Sir Jeremy was nicknamed ‘Sir Cover-Up’ for his role in blocking the Chilcot Inquiry into the Iraq War
- Sir Jeremy Heywood claimed FoI Act makes officials ‘less candid’ with MPs
- The act helped expose MPs’ expenses scandals and other state revelations
- Sir Jeremy, the Cabinet Secretary, was nicknamed ‘Sir Cover-Up’
- He blocked the Chilcot Inquiry from seeing Bush and Blair correspondence
The most senior civil servant has argued for new restrictions on a law used to expose government waste and incompetence.
Cabinet Secretary Sir Jeremy Heywood claimed the Freedom of Information Act was making officials ‘less candid’ with ministers in their advice – for fear it would be made public.
Sir Jeremy was nicknamed ‘Sir Cover-Up’ for his role in blocking the Chilcot Inquiry into the Iraq War from seeing letters and records of phone calls between Tony Blair and George Bush.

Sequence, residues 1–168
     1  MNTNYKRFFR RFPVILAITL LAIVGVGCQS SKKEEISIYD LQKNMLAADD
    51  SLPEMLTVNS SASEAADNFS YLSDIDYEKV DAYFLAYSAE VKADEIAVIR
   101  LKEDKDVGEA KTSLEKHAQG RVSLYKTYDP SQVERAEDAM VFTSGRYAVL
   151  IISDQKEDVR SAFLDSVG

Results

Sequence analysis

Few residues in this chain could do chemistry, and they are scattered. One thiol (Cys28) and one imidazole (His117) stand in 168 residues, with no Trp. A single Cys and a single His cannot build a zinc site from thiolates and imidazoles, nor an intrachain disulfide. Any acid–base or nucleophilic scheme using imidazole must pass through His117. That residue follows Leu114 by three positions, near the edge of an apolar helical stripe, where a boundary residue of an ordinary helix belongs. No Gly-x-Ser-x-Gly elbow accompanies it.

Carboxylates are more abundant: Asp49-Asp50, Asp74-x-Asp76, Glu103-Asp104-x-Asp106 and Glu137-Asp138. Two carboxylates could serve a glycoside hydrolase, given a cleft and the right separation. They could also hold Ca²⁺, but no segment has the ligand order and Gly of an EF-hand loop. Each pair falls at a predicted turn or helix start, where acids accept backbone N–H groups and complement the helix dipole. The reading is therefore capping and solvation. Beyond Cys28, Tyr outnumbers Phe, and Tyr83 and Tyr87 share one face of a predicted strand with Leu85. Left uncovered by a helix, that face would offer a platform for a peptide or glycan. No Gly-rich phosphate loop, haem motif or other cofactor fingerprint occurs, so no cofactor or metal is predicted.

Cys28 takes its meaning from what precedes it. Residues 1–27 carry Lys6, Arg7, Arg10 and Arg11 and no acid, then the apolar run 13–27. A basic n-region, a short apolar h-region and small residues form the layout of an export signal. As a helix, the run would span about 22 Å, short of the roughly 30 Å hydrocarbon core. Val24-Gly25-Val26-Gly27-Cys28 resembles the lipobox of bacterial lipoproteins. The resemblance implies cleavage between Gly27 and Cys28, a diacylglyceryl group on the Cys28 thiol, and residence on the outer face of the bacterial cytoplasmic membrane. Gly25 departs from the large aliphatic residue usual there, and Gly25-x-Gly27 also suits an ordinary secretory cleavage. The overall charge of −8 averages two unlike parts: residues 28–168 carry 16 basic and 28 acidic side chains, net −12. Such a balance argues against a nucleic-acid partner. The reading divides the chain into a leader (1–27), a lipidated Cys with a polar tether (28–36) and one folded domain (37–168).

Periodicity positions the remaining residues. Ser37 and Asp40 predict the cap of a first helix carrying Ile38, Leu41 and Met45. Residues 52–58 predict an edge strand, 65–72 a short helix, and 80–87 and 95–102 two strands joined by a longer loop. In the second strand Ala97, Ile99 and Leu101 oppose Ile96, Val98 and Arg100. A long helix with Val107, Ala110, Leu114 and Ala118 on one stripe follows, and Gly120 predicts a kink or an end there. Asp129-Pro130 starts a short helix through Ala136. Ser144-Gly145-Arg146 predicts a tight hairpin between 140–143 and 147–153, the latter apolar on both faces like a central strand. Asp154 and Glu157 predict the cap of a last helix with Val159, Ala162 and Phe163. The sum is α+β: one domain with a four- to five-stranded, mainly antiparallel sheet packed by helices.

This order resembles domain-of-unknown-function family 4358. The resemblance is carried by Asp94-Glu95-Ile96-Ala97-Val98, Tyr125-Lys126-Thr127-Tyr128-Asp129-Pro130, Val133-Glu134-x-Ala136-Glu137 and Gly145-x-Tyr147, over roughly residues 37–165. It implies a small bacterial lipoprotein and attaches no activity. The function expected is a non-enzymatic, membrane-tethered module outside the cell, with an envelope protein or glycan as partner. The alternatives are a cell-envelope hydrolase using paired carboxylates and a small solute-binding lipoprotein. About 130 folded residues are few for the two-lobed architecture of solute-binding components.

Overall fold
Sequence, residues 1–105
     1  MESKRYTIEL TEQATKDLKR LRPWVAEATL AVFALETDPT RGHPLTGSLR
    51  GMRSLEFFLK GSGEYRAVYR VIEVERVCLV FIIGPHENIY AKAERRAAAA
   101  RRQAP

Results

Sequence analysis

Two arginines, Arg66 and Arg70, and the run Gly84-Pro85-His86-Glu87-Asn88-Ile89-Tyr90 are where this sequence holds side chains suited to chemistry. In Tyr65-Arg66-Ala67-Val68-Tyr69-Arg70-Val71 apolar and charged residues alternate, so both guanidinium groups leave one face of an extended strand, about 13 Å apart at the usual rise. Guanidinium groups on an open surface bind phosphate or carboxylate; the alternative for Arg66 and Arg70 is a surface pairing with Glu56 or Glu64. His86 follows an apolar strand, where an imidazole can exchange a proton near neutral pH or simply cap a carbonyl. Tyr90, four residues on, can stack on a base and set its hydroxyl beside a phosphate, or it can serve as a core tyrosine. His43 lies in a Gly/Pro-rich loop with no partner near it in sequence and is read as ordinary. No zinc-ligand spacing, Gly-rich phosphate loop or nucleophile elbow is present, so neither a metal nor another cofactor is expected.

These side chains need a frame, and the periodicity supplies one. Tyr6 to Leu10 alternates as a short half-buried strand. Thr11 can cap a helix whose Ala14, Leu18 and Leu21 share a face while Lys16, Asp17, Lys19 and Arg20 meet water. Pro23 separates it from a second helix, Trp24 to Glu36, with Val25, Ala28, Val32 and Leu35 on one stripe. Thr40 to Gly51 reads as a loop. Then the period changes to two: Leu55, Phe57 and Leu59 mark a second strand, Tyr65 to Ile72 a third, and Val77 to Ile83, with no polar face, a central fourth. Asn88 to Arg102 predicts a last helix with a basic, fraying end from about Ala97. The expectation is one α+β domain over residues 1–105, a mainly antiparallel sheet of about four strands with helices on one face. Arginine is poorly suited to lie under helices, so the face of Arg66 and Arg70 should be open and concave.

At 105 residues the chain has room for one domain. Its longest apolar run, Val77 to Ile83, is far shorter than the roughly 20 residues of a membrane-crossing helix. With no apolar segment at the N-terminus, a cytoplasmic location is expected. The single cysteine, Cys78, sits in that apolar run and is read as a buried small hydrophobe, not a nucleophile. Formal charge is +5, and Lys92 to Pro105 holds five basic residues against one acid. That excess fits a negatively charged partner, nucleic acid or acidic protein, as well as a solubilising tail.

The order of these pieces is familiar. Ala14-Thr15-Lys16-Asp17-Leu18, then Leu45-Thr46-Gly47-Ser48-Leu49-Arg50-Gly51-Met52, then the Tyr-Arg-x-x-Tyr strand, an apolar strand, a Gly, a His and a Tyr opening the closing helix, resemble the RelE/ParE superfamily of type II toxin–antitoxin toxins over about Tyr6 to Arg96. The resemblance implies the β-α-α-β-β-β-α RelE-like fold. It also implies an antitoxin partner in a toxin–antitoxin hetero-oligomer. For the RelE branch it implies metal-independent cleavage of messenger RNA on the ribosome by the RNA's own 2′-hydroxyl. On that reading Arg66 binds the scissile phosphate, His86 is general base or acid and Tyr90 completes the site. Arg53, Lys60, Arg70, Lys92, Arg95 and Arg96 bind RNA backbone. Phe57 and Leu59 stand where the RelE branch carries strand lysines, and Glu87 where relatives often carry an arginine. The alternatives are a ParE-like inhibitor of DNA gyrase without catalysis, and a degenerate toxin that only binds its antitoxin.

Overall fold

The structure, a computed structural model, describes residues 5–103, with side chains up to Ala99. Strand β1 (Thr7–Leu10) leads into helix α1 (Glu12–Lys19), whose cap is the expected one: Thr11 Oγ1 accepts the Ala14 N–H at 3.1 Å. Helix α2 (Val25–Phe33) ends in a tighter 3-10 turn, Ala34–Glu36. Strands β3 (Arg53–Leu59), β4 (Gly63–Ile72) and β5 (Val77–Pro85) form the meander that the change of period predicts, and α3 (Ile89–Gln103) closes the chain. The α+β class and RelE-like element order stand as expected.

Yesterday he argued there were ‘one or two issues’ with the FoI law, which helped expose the MPs’ expenses scandals and dozens of other revelations about the activities of the state.
Sir Jeremy also told MPs he had concerns about whether the veto power of ministers to block the publication of information worked.
A panel including former ministers and civil servants is to review the Act. Sir Jeremy said those on the panel were ‘independent’.
But Maurice Frankel, director of the Campaign for Freedom of Information, said: ‘Independent normally means open minded. They have come to people who have served in government whose interests are very clearly those of the government.’
The review’s terms of reference include the question of whether the Act is a burden on public authorities, raising fears that ministers will make it easier for councils, quangos and government departments to reject requests.